I can’t dispute the impressive new additions of the ECG and EDA features. There are also 20 different workout options you can select from during setup on the companion Fitbit app, including specific exercises like bike riding. The in-built GPS is also great for tracking walks and runs, plotting them on a map with details of split times and heart rate levels at different points.
There are plenty of features that have been kept from in the Charge 5 upgrade, however, Fitbit has dropped the option to connect your watch to the Spotify app to control music. Personally, I was never able to connect my Charge 4 to the music app so it’s not a great loss, but for those who prefer running, the loss of quick access could be a negative.
When it comes to tracking your actual workouts both watches are equal, you have the option to switch between heart rate, calories burned, heart rate zone (cardio or fat burn), time, and distance/steps depending on your workout. For a more detailed breakdown of the date, you have to refer to the Fitbit app, where you can find your average heart rate, zone minutes, energy burned and the “impact” it has on your day.
What changes would you make to this product?
Switching from the Charge 4 after using it for almost a year, to the updated Charge 5, I noticed little niggles that I really missed when using the newer model.
The Charge 5 screen doesn’t seem as sensitive to touch as the Charge 4, so swiping between screens really becomes quite a chore. I often got frustrated when trying to quickly start a workout, because the screen takes so long to react. And if I swipe too far, there is no option for me to exit with a button, and I have to swipe all the way back to the beginning to get to the home screen. The Charge 4 has two buttons on the side of the watch that you can press and it gently vibrates to alert you as it flicks between menus. I truly miss this on the Charge 5.
Considering the lack of sensitivity, I’m in favour of the Fitbit Charge 4 over the Fitbit Charge 5, purely because I am an impatient soul and like my technology to be fast and responsive.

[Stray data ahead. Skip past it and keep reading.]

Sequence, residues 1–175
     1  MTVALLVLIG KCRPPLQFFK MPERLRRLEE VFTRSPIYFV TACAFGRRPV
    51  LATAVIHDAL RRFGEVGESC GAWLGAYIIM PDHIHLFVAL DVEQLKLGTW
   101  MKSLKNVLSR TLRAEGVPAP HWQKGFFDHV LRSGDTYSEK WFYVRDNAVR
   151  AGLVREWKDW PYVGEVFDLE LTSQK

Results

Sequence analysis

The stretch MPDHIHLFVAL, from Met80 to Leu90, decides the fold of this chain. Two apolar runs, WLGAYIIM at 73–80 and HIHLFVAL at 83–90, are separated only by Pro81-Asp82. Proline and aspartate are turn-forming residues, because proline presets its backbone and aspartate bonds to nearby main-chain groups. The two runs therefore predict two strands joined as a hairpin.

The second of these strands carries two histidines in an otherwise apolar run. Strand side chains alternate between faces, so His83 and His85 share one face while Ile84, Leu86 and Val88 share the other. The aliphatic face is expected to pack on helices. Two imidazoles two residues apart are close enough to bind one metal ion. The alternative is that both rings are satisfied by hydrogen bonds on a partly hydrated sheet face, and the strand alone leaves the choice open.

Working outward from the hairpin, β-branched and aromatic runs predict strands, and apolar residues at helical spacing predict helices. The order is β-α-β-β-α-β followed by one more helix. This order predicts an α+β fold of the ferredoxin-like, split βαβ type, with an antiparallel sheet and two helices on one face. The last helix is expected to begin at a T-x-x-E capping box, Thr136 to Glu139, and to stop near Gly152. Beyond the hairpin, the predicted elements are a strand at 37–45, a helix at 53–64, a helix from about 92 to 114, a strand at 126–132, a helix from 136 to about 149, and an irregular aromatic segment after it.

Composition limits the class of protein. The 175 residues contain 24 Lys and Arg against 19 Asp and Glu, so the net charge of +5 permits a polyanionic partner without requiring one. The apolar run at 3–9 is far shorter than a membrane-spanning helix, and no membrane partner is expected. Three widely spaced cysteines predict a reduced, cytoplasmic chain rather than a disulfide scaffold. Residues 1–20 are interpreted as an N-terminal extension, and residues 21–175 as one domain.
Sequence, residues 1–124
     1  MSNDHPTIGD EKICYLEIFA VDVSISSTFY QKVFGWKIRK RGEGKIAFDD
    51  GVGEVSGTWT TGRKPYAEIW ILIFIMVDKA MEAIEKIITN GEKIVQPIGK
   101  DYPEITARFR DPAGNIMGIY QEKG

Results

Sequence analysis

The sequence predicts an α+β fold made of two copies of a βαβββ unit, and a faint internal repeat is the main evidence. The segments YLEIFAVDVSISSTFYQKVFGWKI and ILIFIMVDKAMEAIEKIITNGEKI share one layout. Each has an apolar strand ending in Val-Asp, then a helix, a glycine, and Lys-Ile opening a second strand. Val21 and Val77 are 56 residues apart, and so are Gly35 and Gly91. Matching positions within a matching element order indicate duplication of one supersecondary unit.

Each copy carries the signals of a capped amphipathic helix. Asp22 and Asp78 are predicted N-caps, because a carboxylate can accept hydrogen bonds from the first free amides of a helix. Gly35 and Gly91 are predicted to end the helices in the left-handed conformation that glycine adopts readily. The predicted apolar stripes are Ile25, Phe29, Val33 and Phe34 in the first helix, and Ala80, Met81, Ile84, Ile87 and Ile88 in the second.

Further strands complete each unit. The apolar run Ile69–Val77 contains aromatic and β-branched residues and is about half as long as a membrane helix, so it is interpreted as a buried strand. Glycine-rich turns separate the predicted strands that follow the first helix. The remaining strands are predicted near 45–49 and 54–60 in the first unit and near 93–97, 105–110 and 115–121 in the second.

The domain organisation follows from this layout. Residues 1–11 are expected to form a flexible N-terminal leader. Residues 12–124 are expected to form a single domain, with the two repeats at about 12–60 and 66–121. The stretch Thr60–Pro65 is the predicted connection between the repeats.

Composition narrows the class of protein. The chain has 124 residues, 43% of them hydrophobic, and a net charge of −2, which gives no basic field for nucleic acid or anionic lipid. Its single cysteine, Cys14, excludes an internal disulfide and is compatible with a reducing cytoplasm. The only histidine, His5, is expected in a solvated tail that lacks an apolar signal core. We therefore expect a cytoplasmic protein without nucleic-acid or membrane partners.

Price: Fitbit Charge 5 vs Fitbit Charge 4
The jump in price between the Fitbit Charge 4 and Fitbit Charge 5 is anything from £30-£50 depending on the retailer you purchase from. The Charge 5 comes with a six-month free trial of Fitbit Premium (usually £7.99 per month), whereas the Charge 4 is three months. You’re effectively saving almost £50 if you opt for the Charge 5, and after the trial period ends it’s your decision whether you find it worth continuing to pay for.
Verdict: Should I buy the Fitbit Charge 5 or the Fitbit Charge 4?
If you are conscious about your health and monitoring your heart rate, without question the Charge 5 is worth it. But if you want to save money and are just looking for a simple tracker for the gym or home workouts, go for the Charge 4, you won’t miss out on the ECG or EDA scans.
Personal preference on style and design, also factors in with the Charge 5 more aesthetically more pleasing on the eye, with its sleek rounded edges, a gold, silver, or black metallic trim and the snug infinity watch strap, not forgetting the OLED colour display are huge bonuses when investing in a fitness tracker.
When it comes to the usability of the Charge 5 and Charge 4, the Charge 4 takes the lead for me. It’s just easier and quicker. It’s simple and straightforward and for those who are just starting out on their fitness journey and there are some great opportunities to pick up a second-hand Charge 4, especially if you look on Facebook Marketplace or other selling platforms, as people often update their tech as soon as the latest releases arrive, and previous models are barely used!